AUSTIN (KXAN) — For years, advertising companies have pushed for Austin to allow digital billboards—illuminated billboards which have rotating rather than static messages—in more places around the city. The city’s policy has disallowed companies from placing digital billboards in places not on their own premises, like the side of the highway.
In late August, the U.S. Court of Appeals for the Fifth Circuit found this distinction for signs off company premises as “content-based” and in violation of the First Amendment. The Fifth Circuit reversed an earlier district court’s decision and remanded the case to the district court.
Now, at least one nonprofit is asking the City of Austin to defend its policy and appeal this decision, Austin outlet Austonia first reported this week.
Sarah Tober, executive director for Scenic Texas, a nonprofit “dedicated to the preservation and enhancement” of Texas’ “visual environment, particularly as seen by the traveling public,” explained her organization sent a letter to Austin’s mayor and city council asking them to put pressure on the city to file an appeal. Scenic Texas advocates to promote “scenic qualities of Texas” such as dark sky preservation and planting trees along roadways.
Tober explained her organization is getting involved, because this district court decision—if allowed to stand—will set a precedent for the rest of Texas, Louisiana and Mississippi to allow more digital billboards. Scenic Texas is prepared to support the City of Austin in fighting the circuit court decision, she said.
“We believe that the Supreme Court will and should take this case up,” Tober emphasized, adding that she believes there are other legal precedents to back up the City of Austin’s policy.
Scenic Texas and other opponents of digital billboards claim these signs not only create “visual blight” but are also distracting to drivers.
Billboard companies, however, say these digital billboards allow a cheaper and more modern advertising option for companies.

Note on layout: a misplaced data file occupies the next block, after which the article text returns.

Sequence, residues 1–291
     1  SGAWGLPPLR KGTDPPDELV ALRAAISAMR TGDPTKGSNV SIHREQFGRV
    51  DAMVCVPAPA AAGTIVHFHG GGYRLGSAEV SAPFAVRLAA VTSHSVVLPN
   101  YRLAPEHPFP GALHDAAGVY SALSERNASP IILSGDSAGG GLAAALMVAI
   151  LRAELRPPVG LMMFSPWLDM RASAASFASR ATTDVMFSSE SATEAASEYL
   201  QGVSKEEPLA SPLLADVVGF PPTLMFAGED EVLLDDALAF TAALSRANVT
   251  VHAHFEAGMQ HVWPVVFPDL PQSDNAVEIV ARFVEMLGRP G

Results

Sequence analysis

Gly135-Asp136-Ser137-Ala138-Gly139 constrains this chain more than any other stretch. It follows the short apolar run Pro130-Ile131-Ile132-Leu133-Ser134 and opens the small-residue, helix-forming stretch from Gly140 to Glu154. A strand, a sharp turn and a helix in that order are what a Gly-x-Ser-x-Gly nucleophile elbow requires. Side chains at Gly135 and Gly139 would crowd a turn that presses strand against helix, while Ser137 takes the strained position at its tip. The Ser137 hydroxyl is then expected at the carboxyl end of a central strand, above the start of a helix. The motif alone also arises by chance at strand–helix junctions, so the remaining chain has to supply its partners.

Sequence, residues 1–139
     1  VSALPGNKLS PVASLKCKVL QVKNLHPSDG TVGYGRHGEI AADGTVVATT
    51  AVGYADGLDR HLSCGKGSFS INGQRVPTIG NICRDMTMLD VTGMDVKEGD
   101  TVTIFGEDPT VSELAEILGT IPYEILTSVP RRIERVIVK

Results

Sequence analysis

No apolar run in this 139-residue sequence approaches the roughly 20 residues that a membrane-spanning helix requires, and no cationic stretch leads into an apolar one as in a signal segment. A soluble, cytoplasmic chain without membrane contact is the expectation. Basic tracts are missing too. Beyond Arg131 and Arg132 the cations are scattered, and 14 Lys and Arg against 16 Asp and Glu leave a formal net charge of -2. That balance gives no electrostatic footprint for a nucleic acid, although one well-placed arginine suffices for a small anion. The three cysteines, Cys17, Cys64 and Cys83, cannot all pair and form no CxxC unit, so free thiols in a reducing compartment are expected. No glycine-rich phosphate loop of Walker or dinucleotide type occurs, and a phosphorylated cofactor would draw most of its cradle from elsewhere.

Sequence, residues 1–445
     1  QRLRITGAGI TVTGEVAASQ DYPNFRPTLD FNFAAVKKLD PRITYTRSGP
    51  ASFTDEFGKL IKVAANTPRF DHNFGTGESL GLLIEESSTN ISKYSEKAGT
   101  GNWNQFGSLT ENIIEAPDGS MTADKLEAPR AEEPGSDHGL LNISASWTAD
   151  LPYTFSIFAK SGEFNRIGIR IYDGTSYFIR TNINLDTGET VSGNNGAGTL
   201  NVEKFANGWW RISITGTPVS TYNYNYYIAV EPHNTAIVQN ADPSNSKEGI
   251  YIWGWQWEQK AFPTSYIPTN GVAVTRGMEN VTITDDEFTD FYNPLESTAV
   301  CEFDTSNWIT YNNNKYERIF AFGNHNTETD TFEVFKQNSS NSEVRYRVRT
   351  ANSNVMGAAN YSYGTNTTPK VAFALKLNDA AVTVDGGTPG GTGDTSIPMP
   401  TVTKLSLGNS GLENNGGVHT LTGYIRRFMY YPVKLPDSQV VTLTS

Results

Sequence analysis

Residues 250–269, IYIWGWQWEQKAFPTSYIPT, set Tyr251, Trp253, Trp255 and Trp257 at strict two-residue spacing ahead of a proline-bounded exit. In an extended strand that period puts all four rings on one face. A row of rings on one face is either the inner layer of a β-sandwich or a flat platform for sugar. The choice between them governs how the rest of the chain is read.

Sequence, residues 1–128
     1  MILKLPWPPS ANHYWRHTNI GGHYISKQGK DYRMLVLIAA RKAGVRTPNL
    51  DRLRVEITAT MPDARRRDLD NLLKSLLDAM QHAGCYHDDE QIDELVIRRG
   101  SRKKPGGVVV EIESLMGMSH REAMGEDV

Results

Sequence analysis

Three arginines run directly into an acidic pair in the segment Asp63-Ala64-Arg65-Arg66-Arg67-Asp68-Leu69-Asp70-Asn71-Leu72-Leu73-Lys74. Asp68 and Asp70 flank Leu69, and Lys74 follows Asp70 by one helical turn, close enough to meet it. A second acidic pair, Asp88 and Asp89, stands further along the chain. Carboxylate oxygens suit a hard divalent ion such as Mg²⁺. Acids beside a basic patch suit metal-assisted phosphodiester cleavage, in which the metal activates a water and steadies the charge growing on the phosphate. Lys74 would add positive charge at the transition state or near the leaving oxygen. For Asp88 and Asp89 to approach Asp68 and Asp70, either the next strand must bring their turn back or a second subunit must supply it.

Whether that appeal will happen is up in the air. A city of Austin spokesperson told KXAN Wednesday the city is “considering next steps” in light of the Fifth Circuit decision, noting the deadline to appeal is January 2021.
This case started when Lamar Advantage Outdoor Company and Reagan National Advertising of Austin sued Austin for not allowing them to turn existing static billboards in Austin into digital billboards.
Under Austin’s policy, digital signs such as those outside the Frank Erwin Center and the Austin Convention Center, have been allowed, because they are on-premise. But companies like Reagan and Lamar were not allowed by the city to digitize static billboards they own at off-premise locations, such as next to Austin streets or highways.
Reagan and Lamar have many prominently placed static billboards in and around Austin. Reagan’s General Manager for the Austin Market, Bill Reagan, said his company has around 500 sign locations in Central Texas, with most of those in the City of Austin.
Reagan said right now he is waiting for the legal process to play out as the case is remanded to a lower court.
“We feel that we’ve been vindicated in the courts in regards to our opinion,” he said.
He says of all the markets his company operates in, Austin is an anomaly in its limits on digital billboards.
Digital billboards, he said, open up “a great deal of possibilities, especially for small and local businesses that maybe couldn’t have afforded more traditional advertising.”
He added 70% of Reagan’s business consists of local clients in the Austin area.
“We only expect that number to expand when you go to digital,” Reagan said.
Reagan added his company is open to dialogue with the city to see if a compromise could be reached about signage policy.
Tober, however, believes if the Fifth Circuit decision is allowed to stand, the result will be “many unwanted digital billboards erected everywhere.”
“This is a far-reaching action taken by a federal court to invalidate local control over commercial advertising billboards,” she added.
The push for digital billboards in Austin has been going on for years.
In 2007, the Federal Highway Administration (FHWA) and the Texas Department of Transportation reversed long-held prohibitions of digital (intermittently changing) billboards to operate along federally regulated highways.
In 2017, billboard companies, the Austin Police Association, and organizer Linda Curtis of Indy Austin joined forces in an attempt to allow more digital signage through a petition effort. The city’s digital billboard policy has been discussed before the city council, at commission meetings and during the city’s efforts to overhaul the land development code over the past several years.
The City of Austin says it currently has 492 registered billboards in the Austin Code Department Case Management Database. Austin Code is in charge of making sure these billboards are registered and confirming when billboards are relocated. The City of Austin’s Development Services Department reviews all permitting issues with billboards.